Convoluted human evolution; Lucy had neighbors (Introduction)

by David Turell @, Monday, June 06, 2016, 20:57 (682 days ago) @ David Turell

A follow up study finds there may b e at least three hominids at the time of Lucy:

http://phys.org/news/2016-06-lucy-neighbors-african-fossils.html

:If "Lucy" wasn't alone, who else was in her neighborhood? Key fossil discoveries over the last few decades in Africa indicate that multiple early human ancestor species lived at the same time more than 3 million years ago. A new review of fossil evidence from the last few decades examines four identified hominin species that co-existed between 3.8 and 3.3 million years ago during the middle Pliocene. A team of scientists compiled an overview that outlines a diverse evolutionary past and raises new questions about how ancient species shared the landscape.

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" The 1974 discovery of Australopithecus afarensis, which lived from 3.8 to 2.9 million years ago, was a major milestone in paleoanthropology that pushed the record of hominins earlier than 3 million years ago and demonstrated the antiquity of human-like walking. Scientists have long argued that there was only one pre-human species at any given time before 3 million years ago that gave rise to another new species through time in a linear manner. This was what the fossil record appeared to indicate until the end of the 20th century. The discovery of Australopithecus bahrelghazali from Chad in 1995 and Kenyanthropus platyops from Kenya in 2001 challenged this idea. However, these two species were not widely accepted, rather considered as geographic variants of Lucy's species, Australopithecus afarensis. The discovery of the 3.4 million-year-old Burtele partial foot from the Woranso-Mille announced by Haile-Selassie in 2012 was the first conclusive evidence that another early human ancestor species lived alongside Australopithecus afarensis. In 2015, fossils recovered from Haile-Selassie's ongoing research site at the Woranso-Mille area of the Afar region of Ethiopia were assigned to the new species Australopithecus deyiremeda. However, the Burtele partial foot was not included in this species.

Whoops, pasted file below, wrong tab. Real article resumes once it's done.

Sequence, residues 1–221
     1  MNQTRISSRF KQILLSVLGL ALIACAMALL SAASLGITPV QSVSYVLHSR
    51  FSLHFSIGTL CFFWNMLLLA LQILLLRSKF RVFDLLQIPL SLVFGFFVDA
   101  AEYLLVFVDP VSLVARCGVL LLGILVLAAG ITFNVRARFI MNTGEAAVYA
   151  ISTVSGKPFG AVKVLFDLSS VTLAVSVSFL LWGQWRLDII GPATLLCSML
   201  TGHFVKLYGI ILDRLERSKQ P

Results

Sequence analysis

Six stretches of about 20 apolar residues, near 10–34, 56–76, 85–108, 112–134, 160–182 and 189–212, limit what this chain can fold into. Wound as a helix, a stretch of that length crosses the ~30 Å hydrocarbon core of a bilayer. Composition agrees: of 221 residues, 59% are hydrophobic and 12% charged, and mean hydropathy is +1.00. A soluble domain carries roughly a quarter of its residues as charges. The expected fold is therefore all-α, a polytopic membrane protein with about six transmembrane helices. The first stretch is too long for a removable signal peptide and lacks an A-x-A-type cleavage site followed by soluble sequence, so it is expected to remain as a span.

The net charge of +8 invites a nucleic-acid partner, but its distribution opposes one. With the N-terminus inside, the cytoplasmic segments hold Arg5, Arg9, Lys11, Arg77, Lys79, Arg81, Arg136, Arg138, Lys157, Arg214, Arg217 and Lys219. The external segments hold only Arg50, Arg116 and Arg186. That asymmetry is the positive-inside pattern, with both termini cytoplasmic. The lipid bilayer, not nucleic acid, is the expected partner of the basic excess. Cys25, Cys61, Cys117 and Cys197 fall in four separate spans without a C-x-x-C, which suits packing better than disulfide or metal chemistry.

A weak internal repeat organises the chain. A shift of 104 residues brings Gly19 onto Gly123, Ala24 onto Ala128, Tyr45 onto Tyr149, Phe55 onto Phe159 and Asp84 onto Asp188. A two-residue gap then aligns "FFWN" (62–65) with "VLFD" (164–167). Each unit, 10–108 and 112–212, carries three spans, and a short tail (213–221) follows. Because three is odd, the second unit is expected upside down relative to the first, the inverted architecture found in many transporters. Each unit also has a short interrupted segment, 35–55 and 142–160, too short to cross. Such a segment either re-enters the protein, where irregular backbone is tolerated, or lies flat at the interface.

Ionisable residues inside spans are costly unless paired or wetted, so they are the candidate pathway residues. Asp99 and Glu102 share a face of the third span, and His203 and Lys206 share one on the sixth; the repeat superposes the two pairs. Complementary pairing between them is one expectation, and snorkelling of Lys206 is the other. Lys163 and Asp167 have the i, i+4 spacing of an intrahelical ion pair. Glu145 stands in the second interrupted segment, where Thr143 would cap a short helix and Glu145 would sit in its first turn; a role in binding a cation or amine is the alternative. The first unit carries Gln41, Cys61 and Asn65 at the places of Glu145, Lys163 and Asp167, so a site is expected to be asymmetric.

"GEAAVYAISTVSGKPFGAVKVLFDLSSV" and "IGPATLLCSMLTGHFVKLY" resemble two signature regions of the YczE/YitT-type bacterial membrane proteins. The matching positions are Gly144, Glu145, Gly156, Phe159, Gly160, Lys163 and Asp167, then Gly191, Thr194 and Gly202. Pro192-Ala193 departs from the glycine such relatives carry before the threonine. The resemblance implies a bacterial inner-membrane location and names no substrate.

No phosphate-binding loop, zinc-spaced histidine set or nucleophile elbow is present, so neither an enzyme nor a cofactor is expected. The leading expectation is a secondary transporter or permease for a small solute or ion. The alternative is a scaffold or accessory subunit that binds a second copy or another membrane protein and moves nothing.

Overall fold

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"'The Woranso-Mille paleontological study area in Ethiopia's Afar region reveals that there were at least two, if not three, early human species living at the same time and in close geographic proximity," said Haile-Selassie. "This key research site has yielded new and unexpected evidence indicating that there were multiple species with different locomotor and dietary adaptations. For nearly four decades, Australopithecus afarensis was the only known species—but recent discoveries are opening a new window into our evolutionary past."

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"Paleoanthropologists face the challenges and debates that arise from small sample sizes, poorly preserved prehistoric specimens and lack of evidence for ecological diversity. Questions remain about the relationships of middle Pliocene hominins and what adaptive strategies might have allowed for the coexistence of multiple, closely related species.

"'We continue to search for more fossils," said Dr. Stephanie Melillo of the Max Planck Institute for Evolutionary Anthropology in Germany. "We know a lot about the skeleton of A. afarensis, but for the other middle Pliocene species, most of the anatomy remains unknown. Ultimately, larger sample sizes will be the key to sorting out which species are present and how they are related. This makes every fossil discovery all the more exciting.'"

Comment: The shotgun appearance of several hominid forms gives support to my contention that humans were the endpoint of God's guidance of evolution.


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